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Antitrust for USSR

Industrial monopolies impede growth in the republics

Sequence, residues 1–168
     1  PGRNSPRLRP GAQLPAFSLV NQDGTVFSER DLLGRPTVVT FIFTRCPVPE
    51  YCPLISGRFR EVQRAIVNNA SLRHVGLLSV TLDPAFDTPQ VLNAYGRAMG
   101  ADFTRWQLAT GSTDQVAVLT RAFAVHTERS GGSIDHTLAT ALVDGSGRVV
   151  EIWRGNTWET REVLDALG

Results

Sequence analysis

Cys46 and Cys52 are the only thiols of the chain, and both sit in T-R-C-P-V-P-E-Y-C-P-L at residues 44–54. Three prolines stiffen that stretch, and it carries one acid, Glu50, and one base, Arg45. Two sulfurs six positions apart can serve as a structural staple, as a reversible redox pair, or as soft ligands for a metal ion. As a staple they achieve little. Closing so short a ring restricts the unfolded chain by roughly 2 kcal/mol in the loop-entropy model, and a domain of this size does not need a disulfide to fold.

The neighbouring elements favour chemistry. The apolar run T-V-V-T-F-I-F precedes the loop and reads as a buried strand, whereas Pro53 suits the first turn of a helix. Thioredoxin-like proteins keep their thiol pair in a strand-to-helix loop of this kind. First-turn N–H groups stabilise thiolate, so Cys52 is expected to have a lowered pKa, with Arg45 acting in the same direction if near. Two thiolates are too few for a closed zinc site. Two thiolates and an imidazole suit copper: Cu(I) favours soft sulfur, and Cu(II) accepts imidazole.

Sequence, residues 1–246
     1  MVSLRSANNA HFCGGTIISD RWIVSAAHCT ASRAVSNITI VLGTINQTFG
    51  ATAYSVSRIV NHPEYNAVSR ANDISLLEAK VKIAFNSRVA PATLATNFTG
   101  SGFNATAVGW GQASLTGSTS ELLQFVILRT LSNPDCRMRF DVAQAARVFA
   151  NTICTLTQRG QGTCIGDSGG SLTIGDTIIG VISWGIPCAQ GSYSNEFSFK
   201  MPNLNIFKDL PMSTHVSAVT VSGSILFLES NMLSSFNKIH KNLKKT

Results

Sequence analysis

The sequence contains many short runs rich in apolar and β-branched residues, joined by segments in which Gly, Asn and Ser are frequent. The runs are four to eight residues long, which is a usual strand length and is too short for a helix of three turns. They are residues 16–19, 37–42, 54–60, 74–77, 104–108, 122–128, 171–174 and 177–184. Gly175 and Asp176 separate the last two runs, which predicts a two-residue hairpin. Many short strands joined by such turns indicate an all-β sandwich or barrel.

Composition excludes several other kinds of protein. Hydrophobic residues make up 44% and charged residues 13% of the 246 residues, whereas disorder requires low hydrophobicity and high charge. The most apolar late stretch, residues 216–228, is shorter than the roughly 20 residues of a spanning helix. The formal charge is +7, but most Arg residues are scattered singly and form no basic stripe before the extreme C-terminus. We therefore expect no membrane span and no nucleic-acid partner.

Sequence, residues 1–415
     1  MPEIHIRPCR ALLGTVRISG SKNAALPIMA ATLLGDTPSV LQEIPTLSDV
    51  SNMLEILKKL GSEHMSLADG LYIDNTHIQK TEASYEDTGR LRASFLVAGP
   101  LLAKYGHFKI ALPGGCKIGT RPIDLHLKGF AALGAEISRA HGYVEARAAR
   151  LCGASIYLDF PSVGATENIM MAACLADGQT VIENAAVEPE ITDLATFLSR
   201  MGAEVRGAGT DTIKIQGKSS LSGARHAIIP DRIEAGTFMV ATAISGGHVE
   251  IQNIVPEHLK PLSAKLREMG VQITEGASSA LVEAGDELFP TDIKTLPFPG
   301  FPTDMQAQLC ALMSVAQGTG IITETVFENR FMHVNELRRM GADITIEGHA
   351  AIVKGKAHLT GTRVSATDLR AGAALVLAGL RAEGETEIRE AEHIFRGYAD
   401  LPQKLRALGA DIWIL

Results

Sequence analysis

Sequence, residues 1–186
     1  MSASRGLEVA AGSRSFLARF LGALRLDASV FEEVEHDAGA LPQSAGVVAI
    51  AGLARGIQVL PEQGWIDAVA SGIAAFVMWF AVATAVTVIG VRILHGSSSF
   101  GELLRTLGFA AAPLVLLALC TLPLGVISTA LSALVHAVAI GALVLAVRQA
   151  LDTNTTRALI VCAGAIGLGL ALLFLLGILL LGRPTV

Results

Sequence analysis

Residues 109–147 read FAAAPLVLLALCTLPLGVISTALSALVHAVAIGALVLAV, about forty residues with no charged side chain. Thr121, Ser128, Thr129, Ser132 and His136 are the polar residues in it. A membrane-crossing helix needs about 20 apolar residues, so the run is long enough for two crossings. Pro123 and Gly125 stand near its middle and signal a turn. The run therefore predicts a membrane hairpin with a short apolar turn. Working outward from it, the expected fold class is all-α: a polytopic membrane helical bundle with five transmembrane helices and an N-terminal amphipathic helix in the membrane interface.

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MONOPOLY, said Lenin, is the last stage of capitalism. Today, the communist system he founded has bequeathed to its reformers the most monopolistic industrial economy in the world.This means that the people who are now trying to build nations in place of the old union are trapped by their past. Their republics industrialized in the service of the USSR, not for themselves. Because Soviet central planners favored extremely large enterprises, every republic depends on crucial goods produced by monopolies in other republics. This combination of monopoly and interdependence worked while the Soviet Union was whole and its authority was unquestioned. Now, the mechanisms of inter-republic trade have collapsed. Central planning and the ruble are both discredited, leaving factories to barter when they trade at all. The economic system of a superpower has been reduced to using prehistoric methods of exchange. The rise of ethnic nationalism from the ashes of the communist system has complicated trade still further. Azerbaijan has blocked trade out of Armenia. Armenia, Kazakhstan, Uzbekistan, the Ukraine, and other republics have banned exports. Workers in Azerbaijan oil equipment monopolies and Ukrainian coal mining equipment plants know the importance of their position, and have threatened to strike. The consequences can be minor, as when Muscovites rioted last year because cigarettes (the filter tips of which are produced only in war-plagued Armenia) were unavailable. That example is less amusing than it seems, though. The Armenia-Azerbaijan dispute has also prevented oil equipment monopolies in Azerbaijan from sending needed machinery to Siberian oil fields. If a monopoly producer is removed from trade between the republics, the consequences will ripple throughout the economy. The possibilities for such disruptions are staggering, because the number of monopoly producers is so high. A full third of the Soviet production was based on monopolists; thousands of products are made at only one site. Some telling examples: A plant in Armenia is the only source of a part that is needed in every power station in all the republics. The world's largest polyester factory, in Byelorussia, produces 90 percent of Soviet output. A plant in Moldavia makes 99 percent of die-casting machines. Single plants in Russia produce most of the automobiles (58 percent), trolleys (97 percent) polypropylene (71 percent), sewing machines (100 percent), printing ink (90 percent), combine harvesters (71 percent), oil drilling rigs (two plants produ ce 100 percent), and all of most grades of boilers and turbines needed by power plants. Factories in the Ukraine build the vast majority of coal hoists (82 percent), coking equipment (78 percent), corn harvesters (100 percent), forklifts (86 percent), and diesel locomotives (96 percent). A plant in Uzbekistan produces 75 percent of cellulose acetate, an important artificial fiber used in rayon, film, and automobiles. The Soviet Union has left conflicting legacies. Its economic infrastructure, spread across the republics, demands union; its repression of nationalisms and individual rights fuels the drive for independence. The solution must be a mix of political independence and economic union. Free trade and markets within an economic union of as many sovereign republics as possible is the best alternative, but the reality of monopolies threatens even this solution. Monopolies can charge unreasonably high prices, keeping critical goods away from other enterprises or consumers that need them. As monopolies are privatized, some will fold, some will start to produce other goods, and some will sell their products abroad. SOME Soviet economists argue that these risks make the free market impossible in their country. That is a cop-out, but some precautions are necessary. In addition to the free trade agreement, the republics should sign a compact to locate and monitor supply lines based on monopolies, and by preparing to provide credits for key goods that may disappear abruptly from the interrepublic market. In the long run, the free market will bring in new firms to compete with former state enterprises. Still, a developed market economy in the former Soviet Union is decades away. Until it exists, the republics will have to swallow the difficult lesson that sovereignty and prosperity can contradict. For a long while yet, they will owe their standing as industrial nations to monopolies and to each other.


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